C++ newbie question about pointers

This is a discussion on C++ newbie question about pointers within the C++ Programming forums, part of the General Programming Boards category; hi all, and I ask pardon for this question (I've read the FAQ about pointers) but still can't get rid ...

  1. #1
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    C++ newbie question about pointers

    hi all, and I ask pardon for this question (I've read the FAQ about pointers) but still can't get rid of this doubt.

    I would like to compare these 2 different types of instantiation:

    Code:
    Item* _queue;
    _queue= new Item[size];
    And:

    Code:
    Item** _queue;
    _queue = new Item*[size];

    Supposing that queue is going to receive data in form of Item objects, which one is the most correct form I should choose?

    An array of Items as in the first case or an array of pointers to Item?

    Maybe I'm just a bit confused but I really can't solve this

  2. #2
    The larch
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    One allocates size Items, the other allocates size pointers to Item.

    In practice you should rarely need the array form of new[] (since there are standard containers for that), and it might also be better not to start names with underscore (may be reserved for compiler implementation).
    I might be wrong.

    Thank you, anon. You sure know how to recognize different types of trees from quite a long way away.
    Quoted more than 1000 times (I hope).

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    perfect. So the second notation should also be corrected using "new[]" rather than "new"?

  4. #4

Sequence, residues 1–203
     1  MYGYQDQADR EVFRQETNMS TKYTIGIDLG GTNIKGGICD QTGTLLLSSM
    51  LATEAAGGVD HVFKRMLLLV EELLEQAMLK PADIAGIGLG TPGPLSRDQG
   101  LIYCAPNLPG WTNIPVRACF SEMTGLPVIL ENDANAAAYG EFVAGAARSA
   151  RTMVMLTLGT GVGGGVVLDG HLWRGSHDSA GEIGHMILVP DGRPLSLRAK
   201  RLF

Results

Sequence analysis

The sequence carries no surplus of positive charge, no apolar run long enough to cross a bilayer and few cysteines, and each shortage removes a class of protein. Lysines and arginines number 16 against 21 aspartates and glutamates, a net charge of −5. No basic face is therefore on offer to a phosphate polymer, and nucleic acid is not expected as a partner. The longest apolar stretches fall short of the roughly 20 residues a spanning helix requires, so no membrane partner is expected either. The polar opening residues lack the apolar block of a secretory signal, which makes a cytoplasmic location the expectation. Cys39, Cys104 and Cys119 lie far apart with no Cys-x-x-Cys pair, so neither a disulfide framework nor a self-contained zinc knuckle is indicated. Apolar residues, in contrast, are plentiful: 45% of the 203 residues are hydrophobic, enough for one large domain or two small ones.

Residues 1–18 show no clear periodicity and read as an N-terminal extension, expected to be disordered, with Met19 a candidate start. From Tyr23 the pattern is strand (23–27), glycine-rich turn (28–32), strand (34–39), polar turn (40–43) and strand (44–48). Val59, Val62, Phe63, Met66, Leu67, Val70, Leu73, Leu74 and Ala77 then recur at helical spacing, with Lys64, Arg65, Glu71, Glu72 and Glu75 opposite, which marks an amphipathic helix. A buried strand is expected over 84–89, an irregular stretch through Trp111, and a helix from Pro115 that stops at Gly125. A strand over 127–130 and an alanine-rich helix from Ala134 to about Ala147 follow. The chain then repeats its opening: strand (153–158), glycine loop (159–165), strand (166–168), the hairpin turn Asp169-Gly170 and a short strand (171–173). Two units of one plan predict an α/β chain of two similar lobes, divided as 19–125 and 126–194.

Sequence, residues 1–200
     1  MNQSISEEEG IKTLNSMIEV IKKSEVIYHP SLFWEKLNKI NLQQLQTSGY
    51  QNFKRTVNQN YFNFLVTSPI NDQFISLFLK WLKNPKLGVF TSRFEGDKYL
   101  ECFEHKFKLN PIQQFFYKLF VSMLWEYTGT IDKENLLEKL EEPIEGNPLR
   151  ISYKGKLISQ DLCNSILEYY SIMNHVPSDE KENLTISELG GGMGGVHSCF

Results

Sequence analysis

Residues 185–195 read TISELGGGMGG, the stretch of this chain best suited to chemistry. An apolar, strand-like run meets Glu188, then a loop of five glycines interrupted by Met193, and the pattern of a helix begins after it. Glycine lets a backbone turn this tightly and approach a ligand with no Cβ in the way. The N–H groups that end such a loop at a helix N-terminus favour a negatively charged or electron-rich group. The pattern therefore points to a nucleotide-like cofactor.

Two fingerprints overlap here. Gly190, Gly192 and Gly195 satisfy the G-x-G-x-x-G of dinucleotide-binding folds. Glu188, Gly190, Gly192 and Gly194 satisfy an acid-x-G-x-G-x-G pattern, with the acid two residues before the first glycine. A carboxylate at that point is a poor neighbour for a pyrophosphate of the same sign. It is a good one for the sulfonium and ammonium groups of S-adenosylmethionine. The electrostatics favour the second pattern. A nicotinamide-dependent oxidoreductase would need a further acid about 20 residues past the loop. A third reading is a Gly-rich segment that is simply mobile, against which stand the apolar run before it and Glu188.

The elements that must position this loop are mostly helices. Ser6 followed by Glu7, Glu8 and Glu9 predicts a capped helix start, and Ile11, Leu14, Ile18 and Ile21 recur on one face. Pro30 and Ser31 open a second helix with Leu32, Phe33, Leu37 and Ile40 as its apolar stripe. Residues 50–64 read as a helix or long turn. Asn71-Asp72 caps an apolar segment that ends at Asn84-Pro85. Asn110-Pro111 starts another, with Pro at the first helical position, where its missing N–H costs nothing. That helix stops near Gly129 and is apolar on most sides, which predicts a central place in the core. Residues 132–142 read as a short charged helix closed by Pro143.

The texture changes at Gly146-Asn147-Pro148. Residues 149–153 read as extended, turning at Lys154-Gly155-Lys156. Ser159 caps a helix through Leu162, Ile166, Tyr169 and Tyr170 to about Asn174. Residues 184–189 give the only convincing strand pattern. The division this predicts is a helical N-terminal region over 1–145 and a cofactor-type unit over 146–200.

The larch
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    In the second case, I'd assume that you want a dynamically allocated "two-dimensional array", e.g:

    Code:
    Item** items = new Item*[3];
    items[0] = new Item[10];
    items[1] = new Item[20];
    items[2] = new Item[30];
    Again, in real code you should practically never have to use something like that (instead you could have vector<vector<Item> >.

    So if you want to store a bunch of Items, use the first. (The second is for a bunch of bunches of Items.)
    I might be wrong.

    Thank you, anon. You sure know how to recognize different types of trees from quite a long way away.
    Quoted more than 1000 times (I hope).

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    very very clear, I think I've understood now

    thank you so much

  6. #6
    (?<!re)tired Mario F.'s Avatar
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    As a final note, avoid creating objects starting with an underscore. The compiler usually requests those for internal use and you may conflict with existing names.

    Your example may be fine with an underscore followed by a lowercase letter, as you have above, when in local scope (inside a function or class definition) or under a namespace. But you shouldn't declare it in the global namespace, Meanwhile a name started with an underscore followed by a capital letter, or two underscores, is to be avoided anywhere in your code.

    Sorry for the off-topic.
    The programmer’s wife tells him: “Run to the store and pick up a loaf of bread. If they have eggs, get a dozen.”